Actor gives voice to the first female Robin in Batman: The Dark Knight Returns, Part 1
From 2013 – Now in her fourth season as Alex Dunphy on Modern Family, Winter has already carved out quite a career in her brief 14 years. On the big screen, Winter has been seen in films as varied as One Missed Called, Speed Racer, Kiss Kiss Bang Bang and A Thousand Words. Anchored by a recurring role as Lucy Moore on ER, Winter’s television career includes guest roles on Criminal Minds, Nip/Tuck, Monk, Jericho, Bones, Crossing Jordan and The Ghost Whisperer.
Batman: The Dark Knight Returns, Part 1 represents Winter’s second foray into animated DCU entertainment. Winter provided the voice of the savvy 10-year-old Princess Perdita of Vlatava, whom Oliver Queen races to protect in the DC Universe Animated Original Short, Green Arrow. She reprised the role for an episode of Young Justice. She has been particularly active in animation, providing voices for films such as ParaNorman, Ice Age: the Meltdown, Over the Hedge and Cloudy With a Chance of Meatballs, and TV series like Phineas and Ferb and The Penguins of Madagascar.
In many ways, Winter is a spunky teenager with equal amounts of smarts and sass. She is honest at every turn. So you know her answers were fun when we sat down to discuss Batman: The Dark Knight Returns, Part 1 …
Imagining many of your fans are experiencing Batman: The Dark Knight Returns for the first time, describe your character Carrie Kelly’s place in the story.
ARIEL WINTER: Carrie is sort of a street kind of gangster girl who lives in this shady part of Gotham City. She’s always dreamed to meet her hero, Batman. One day she’s walking with her friend Michelle, and they get mugged by the Mutants – but Batman saves her. So she then sets out to be Batman’s partner in crime, er, crime-fighting. And eventually, she succeeds and becomes Robin.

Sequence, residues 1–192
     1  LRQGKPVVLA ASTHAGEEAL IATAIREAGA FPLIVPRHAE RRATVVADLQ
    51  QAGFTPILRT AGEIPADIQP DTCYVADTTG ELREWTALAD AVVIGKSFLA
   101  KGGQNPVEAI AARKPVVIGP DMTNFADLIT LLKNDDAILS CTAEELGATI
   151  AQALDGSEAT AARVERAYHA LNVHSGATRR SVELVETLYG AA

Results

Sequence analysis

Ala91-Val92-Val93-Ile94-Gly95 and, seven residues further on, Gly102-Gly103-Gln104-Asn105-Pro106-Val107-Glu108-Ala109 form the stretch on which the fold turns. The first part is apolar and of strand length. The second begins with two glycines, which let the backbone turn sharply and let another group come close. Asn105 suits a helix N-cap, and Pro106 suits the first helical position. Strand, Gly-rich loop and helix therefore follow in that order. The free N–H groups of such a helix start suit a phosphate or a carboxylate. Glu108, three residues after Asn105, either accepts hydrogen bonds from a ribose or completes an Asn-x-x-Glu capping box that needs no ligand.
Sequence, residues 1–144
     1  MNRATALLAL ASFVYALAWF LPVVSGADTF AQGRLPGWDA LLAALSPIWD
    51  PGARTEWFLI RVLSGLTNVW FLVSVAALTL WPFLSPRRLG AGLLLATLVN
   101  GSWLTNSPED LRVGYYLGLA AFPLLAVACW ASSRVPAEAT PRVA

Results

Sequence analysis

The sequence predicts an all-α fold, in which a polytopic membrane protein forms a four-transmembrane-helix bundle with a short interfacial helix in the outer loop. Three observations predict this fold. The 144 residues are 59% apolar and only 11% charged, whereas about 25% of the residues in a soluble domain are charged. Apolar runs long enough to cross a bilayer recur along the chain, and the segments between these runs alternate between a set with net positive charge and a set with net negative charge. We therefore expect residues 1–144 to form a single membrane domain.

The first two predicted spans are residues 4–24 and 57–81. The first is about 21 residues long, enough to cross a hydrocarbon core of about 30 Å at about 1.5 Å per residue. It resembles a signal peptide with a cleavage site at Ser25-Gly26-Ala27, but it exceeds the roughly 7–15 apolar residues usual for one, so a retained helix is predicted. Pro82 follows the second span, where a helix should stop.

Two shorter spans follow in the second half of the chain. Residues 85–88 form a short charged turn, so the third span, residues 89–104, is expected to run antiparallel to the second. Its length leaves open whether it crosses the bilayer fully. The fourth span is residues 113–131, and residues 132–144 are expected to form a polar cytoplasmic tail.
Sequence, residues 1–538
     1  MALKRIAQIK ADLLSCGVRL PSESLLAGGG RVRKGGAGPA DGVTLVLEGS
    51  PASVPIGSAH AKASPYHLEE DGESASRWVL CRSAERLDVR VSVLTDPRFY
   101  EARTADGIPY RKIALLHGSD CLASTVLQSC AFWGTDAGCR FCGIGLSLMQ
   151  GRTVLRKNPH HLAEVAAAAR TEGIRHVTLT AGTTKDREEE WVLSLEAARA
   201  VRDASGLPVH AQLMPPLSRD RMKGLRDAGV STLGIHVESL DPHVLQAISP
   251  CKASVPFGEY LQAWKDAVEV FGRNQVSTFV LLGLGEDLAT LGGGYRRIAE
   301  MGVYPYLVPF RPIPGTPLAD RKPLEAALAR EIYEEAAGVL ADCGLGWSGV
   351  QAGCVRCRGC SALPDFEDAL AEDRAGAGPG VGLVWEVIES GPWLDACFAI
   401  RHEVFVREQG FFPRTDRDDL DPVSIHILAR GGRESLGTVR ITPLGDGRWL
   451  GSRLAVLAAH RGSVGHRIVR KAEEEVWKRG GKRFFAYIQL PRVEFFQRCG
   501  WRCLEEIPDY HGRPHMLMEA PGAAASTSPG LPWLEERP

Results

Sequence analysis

How do you see Carrie’s sense of Batman?
ARIEL WINTER: I think Carrie feels super ecstatic when Batman includes her in his little facade of Batman and Robin. She feels so honored – it’s a really big deal for her. I think she’s not really not just a crime fighter, though – she’s kind of like his daughter. She really cares for him, and he really cares for her. They’re like family.
Are there similarities between Ariel Winter and Carrie Kelly, and how did that help/hinder getting into character?
ARIEL WINTER: Carrie and I share a lot of characteristics. We both like crime fighting. We both like Batman. We would both blow off school for crime fighting. (giggles) Actually, no, I would do my school during the day and then crime fight at night.
It wasn’t really hard getting into Carrie’s mindset because I’ve always wanted to play the sort of Tomb Raider, Kick-Ass role where the girl is really the brains behind the power. So I was excited when I got to do it. I just devoured the script. I was surprised. It was pretty violent. I read it and I saw some of the things and I was like, “Woah! That is so cool.” I’m a big fan of that action, thriller sort of thing, so it was exciting for me to read.
How important to you is being the first female Robin?
ARIEL WINTER: It’s really cool to be the first female animated Robin. There’s been so many amazing boys, but I think I can just bring something new that the fans have never experienced. So I’m really honored to be part of such a fantastic project.Female empowerment really is important to me. I’m a big nerd of the books from the 15th Century and 16th Century, when the men had all the power and the women had none of it. So to have Robin be a girl is cool because it gives girls a chance to know that they can do everything boys can do, and even better. No offense (laughs), but it’s true.
Are you into comic books?
ARIEL WINTER: I’m an avid reader, so anything I can read is awesome. I go into comics stores and I can be in there for hours. It’s truly amazing when you open a comic book, because you’re immediately sucked in from the first line. The writing, the graphics, the artwork – it makes you feel like you’re inside the story.
You’re 14 and acting all the time. How do you balance acting with education?
ARIEL WINTER: You have to be really smart to be an actor. It’s not just saying lines. You have to know the thoughts behind each line, to know what you’re saying. So I think it’s very important to get an education. And I won’t be going to college for acting or film school – I will probably go to college for medical research because it’s something that really interests me. I always tell kids that you’ve got to have something else to fall back on. Acting is my first love – I hope I can do it for the rest of my life. But I’m going to go to college and get a degree in something else. I really feel school is important.
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